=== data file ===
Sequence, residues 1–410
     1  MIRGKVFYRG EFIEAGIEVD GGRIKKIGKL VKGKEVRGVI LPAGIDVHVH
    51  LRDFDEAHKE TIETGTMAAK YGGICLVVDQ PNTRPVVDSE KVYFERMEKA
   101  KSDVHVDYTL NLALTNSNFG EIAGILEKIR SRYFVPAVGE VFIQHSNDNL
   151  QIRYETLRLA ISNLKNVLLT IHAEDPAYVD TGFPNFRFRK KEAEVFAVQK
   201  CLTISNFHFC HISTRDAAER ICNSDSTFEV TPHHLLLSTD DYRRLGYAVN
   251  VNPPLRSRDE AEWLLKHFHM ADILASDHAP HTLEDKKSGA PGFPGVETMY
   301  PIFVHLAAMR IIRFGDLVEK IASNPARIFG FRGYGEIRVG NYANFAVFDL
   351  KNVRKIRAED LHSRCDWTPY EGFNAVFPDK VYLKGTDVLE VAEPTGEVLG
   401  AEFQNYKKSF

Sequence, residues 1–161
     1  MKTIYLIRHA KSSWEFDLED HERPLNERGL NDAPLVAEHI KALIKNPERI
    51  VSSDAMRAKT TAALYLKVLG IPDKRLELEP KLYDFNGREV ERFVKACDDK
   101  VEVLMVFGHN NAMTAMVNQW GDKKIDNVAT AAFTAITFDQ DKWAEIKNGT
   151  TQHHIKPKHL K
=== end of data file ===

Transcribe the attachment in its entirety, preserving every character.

Sequence, residues 1–410
     1  MIRGKVFYRG EFIEAGIEVD GGRIKKIGKL VKGKEVRGVI LPAGIDVHVH
    51  LRDFDEAHKE TIETGTMAAK YGGICLVVDQ PNTRPVVDSE KVYFERMEKA
   101  KSDVHVDYTL NLALTNSNFG EIAGILEKIR SRYFVPAVGE VFIQHSNDNL
   151  QIRYETLRLA ISNLKNVLLT IHAEDPAYVD TGFPNFRFRK KEAEVFAVQK
   201  CLTISNFHFC HISTRDAAER ICNSDSTFEV TPHHLLLSTD DYRRLGYAVN
   251  VNPPLRSRDE AEWLLKHFHM ADILASDHAP HTLEDKKSGA PGFPGVETMY
   301  PIFVHLAAMR IIRFGDLVEK IASNPARIFG FRGYGEIRVG NYANFAVFDL
   351  KNVRKIRAED LHSRCDWTPY EGFNAVFPDK VYLKGTDVLE VAEPTGEVLG
   401  AEFQNYKKSF

Sequence, residues 1–161
     1  MKTIYLIRHA KSSWEFDLED HERPLNERGL NDAPLVAEHI KALIKNPERI
    51  VSSDAMRAKT TAALYLKVLG IPDKRLELEP KLYDFNGREV ERFVKACDDK
   101  VEVLMVFGHN NAMTAMVNQW GDKKIDNVAT AAFTAITFDQ DKWAEIKNGT
   151  TQHHIKPKHL K